I've taken both Animal Behavior and Auditory Perception with Professor Woolley. She is without a doubt the best, funniest and most interesting Prof I've had at Columbia. If you don't like science and reading about fun science facts you won't like this class, but if you like weird stories and making animal noises then you'll absolutely love it. Studying for the tests did not feel like studying at all, it was like reading a book you'd actually want to read in your free time. Don't be fooled by this- both of her courses were among the hardest I have taken. Auditory perception, in particular, terrified our entire class until we got the midterm back. I hardly understood anything and studied 24/7 for a few weeks for the midterm. But hard work actually pays off in this class and you'll learn a lot, if you are willing to put in the hours. I feel like I actually can converse about electrophysiology now. Everyone, even the students in my class that didn't like the material and were doing badly, loved Prof Woolley speak. She is HILARIOUS and I totally disagree with the previous posts that she puts no effort into being a professor- the fact that she puts up versions of her slides without notes actually must take a lot of extra work, she has to make two copies of everything and she does it for the benefit of her students who SHOULD come to lecture. Professor Wooley is intelligent, sophisticated, composed, and no-nonsense- exactly what any scientist or non-scientist should aspire to be! Lazy people shouldn't take her classes because she is full of energy- every class meeting IS like a marathon, but in a really, really good way. You'll leave exhilarated, smarter and motivated to be just like her!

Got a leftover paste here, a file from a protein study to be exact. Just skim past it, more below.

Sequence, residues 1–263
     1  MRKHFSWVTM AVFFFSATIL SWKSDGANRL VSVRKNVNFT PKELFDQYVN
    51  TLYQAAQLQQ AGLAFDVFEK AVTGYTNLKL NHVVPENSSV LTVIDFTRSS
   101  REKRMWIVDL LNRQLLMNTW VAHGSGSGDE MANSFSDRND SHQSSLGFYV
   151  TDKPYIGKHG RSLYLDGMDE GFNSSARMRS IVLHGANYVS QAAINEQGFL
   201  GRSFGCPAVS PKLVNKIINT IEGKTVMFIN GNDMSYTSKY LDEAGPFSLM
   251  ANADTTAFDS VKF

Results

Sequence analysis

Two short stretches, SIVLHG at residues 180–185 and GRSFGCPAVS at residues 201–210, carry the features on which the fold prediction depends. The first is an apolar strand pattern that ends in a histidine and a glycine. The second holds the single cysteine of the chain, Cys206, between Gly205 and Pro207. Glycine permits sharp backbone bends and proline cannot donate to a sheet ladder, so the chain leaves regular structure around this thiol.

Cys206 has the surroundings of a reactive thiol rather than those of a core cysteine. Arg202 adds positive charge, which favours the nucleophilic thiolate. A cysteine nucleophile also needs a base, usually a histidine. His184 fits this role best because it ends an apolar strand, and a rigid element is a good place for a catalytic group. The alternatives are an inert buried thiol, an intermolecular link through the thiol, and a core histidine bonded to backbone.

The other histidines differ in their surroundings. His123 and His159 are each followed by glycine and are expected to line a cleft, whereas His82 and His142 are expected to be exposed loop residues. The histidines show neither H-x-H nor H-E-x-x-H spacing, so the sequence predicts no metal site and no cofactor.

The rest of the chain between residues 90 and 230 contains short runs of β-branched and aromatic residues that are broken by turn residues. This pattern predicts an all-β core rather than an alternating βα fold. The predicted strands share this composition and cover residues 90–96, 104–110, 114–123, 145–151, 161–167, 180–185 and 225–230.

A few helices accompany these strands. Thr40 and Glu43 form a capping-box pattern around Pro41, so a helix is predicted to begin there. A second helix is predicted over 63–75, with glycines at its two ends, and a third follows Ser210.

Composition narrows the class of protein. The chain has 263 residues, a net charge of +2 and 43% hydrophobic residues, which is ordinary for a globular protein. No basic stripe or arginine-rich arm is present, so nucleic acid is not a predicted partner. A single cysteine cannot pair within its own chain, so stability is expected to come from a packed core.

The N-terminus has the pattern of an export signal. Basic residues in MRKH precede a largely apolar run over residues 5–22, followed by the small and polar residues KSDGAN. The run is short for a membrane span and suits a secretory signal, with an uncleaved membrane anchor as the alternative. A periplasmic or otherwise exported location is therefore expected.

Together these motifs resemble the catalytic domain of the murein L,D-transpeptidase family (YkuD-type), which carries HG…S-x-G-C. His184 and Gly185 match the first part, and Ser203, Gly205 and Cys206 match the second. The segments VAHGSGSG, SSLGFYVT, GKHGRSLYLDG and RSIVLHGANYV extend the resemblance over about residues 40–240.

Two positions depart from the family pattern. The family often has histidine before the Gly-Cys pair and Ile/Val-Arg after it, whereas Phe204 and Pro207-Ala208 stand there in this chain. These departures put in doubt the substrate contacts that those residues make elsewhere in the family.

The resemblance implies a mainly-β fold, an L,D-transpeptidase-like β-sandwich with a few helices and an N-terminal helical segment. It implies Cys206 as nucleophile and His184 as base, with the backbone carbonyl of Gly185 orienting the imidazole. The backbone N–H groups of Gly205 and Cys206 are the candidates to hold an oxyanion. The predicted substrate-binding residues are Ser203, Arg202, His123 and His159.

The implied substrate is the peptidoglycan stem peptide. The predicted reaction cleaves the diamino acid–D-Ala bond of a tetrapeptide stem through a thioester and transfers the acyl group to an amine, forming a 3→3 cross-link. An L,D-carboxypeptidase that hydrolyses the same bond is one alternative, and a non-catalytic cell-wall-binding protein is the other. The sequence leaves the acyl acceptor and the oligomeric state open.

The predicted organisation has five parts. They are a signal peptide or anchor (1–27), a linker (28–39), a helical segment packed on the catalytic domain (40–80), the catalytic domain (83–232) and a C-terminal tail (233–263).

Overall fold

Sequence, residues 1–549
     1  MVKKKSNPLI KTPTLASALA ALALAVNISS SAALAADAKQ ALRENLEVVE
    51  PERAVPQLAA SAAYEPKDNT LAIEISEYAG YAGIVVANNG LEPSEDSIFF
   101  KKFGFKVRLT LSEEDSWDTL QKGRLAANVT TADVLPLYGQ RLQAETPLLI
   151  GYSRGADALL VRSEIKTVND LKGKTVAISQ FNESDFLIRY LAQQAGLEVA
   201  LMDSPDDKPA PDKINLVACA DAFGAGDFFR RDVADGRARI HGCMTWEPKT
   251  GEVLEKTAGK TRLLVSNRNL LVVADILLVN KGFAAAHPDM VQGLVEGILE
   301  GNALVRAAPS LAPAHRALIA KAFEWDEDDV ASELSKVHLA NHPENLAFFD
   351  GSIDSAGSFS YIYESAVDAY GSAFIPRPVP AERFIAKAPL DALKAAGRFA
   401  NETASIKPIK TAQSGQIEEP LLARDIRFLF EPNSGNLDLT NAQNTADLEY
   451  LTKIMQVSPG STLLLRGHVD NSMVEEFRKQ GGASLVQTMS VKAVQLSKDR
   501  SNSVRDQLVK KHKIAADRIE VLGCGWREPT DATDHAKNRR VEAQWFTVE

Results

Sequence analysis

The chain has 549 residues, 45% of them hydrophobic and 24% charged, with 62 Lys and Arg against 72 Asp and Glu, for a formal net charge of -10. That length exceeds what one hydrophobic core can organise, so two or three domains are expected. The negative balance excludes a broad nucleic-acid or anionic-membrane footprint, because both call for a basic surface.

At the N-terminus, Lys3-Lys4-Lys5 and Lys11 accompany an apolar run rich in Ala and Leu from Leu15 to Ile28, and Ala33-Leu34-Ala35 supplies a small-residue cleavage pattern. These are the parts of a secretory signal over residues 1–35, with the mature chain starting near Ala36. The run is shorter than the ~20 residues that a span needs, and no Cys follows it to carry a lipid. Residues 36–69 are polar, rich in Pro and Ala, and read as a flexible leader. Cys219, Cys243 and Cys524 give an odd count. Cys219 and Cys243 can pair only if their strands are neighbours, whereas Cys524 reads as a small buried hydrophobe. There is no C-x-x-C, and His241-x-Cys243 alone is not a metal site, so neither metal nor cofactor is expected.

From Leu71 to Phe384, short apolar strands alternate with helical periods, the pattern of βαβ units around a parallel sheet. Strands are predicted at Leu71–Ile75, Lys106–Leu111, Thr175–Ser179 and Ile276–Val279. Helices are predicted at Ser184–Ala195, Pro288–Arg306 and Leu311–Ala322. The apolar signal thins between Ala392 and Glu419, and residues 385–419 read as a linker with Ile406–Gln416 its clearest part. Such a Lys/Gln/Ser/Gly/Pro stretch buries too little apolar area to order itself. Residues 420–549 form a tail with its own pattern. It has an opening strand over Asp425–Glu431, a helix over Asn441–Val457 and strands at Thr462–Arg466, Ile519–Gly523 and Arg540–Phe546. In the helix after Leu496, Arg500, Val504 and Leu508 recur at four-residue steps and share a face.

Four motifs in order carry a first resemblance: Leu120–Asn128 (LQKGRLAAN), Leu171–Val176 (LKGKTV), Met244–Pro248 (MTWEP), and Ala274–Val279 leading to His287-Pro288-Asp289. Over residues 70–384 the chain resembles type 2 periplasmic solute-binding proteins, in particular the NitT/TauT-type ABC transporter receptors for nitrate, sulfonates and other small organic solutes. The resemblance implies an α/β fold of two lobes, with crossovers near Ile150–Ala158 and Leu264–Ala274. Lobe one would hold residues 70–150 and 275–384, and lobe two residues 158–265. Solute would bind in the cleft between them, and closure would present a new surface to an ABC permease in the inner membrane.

I loved this class. Professor Woolley is extremely friendly and personable, as well as being ridiculously knowledgeable in the fields of psychology and biology. The class focuses on some nitty-gritty details of the behavior of somewhat dull animals, like insects, but I found it fascinating. The class is mainly a study of the evolutionary history of behavior. The one complaint I would have is that her use of slides during lecture often slows down the pace and takes ages to write down. The first exam was graded harshly (with an actual average of a C/C-). People were outraged about this, but the averages went up as the course went on. Be prepared to study a lot for the exams, which are open-ended.
This may be a recent teacher tactic, but Woolley leaves her slides mostly blank, for you to attend lecture and write the answers in. I understand why the professor wants us to write so many notes, but I disagree with this method. If we don't have the internal motivation to learn the material, forcing us to write it will be painful. She wanted us to understand the concepts and then take abridged notes on this. But what if you're still trying to understand the concept, and then she changes the slide? You miss the concept, plus have no notes, plus miss the next concept and notes. Woolley is very mentally quick and focused, but for me, class is regularly a marathon race. I don't mind a marathon class, but I would like to have some notes to take home so that I can in my own time take the time to understand the concepts.